Based on the author's experiences of living as an American in Iran, Kristen Alvanson's XYZT is a wildly imaginative dramatization of the idea of a "dialogue of civilizations" and its potentially outlandish ramifications. As part of an advanced technological test program, volunteers are shuttled back and forth between the US and Iran, hidden from the watchful eyes of immigration police and state bureaucracies. Each is given a single opportunity to be received by a local host and to have a brief authentic experience of what it means to live as “them” before being transported back home.

But far from heralding the bliss of mutual recognition, the experiment unleashes a series of displacements so disorienting that the fabric of reality begins to fray. Ordinary people become entangled in extraordinary situations, and everyday life bleeds into mythological encounters, alternate universes and dark psychedelic journeys in alien lands where the real and the imaginary are indistinguishable.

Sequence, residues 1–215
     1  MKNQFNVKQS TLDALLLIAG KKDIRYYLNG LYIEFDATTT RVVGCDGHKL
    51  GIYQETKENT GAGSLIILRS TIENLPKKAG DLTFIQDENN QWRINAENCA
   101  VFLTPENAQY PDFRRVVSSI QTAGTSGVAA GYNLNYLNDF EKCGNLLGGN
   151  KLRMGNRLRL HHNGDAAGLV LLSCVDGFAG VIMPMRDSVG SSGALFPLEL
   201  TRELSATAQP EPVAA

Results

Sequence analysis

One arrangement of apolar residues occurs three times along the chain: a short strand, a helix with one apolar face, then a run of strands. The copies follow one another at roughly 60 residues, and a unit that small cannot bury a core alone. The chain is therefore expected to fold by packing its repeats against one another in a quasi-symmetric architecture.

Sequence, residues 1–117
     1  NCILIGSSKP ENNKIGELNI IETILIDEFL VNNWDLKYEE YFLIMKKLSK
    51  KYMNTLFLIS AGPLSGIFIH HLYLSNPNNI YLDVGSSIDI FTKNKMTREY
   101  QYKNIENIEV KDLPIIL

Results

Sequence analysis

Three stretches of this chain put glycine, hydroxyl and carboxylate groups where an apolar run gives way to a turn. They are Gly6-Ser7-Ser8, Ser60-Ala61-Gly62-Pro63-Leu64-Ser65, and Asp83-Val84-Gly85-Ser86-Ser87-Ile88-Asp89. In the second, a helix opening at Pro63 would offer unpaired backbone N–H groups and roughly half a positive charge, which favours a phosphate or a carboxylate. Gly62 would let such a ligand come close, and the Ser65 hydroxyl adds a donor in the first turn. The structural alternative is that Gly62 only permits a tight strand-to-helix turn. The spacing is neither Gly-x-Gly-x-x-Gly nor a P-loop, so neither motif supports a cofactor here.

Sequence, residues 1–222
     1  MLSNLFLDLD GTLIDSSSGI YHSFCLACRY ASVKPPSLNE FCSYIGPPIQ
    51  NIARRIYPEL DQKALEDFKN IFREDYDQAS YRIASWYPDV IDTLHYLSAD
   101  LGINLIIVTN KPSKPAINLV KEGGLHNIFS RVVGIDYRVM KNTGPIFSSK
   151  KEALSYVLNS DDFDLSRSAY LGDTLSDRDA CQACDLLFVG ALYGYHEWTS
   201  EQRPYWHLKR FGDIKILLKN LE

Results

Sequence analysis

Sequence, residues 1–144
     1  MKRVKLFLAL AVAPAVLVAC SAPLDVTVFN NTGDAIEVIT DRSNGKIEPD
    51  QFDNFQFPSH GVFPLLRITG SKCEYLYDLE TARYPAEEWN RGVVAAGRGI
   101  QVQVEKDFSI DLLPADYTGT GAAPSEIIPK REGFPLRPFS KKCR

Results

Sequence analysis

A treasury of tales told from multiple perspectives and in a multiplicity of styles, XYZT is an audacious cross-genre experiment, a firsthand memoir of what it means to see what "they" see, and a science-fictional, nonstandard engagement with anthropology in which cross-cultural encounters take on all the unpredictable features of a contemporary fairy tale.

CCRU writings 1997-2003
CCRU
Urbanomic - 25.00€ -

From before the beginning (which was also, according to them, already the end), the adepts of the Architectonic Order of the Eschaton have worked tirelessly to secure the past, present, and future against the incursions of Neolemurian time-sorcery, eliminating all polytemporal activity, stitching up the future, sealing every breach and covering every track. According to the AOE, the Ccru ‘does not, has not, and will never exist’. And yet….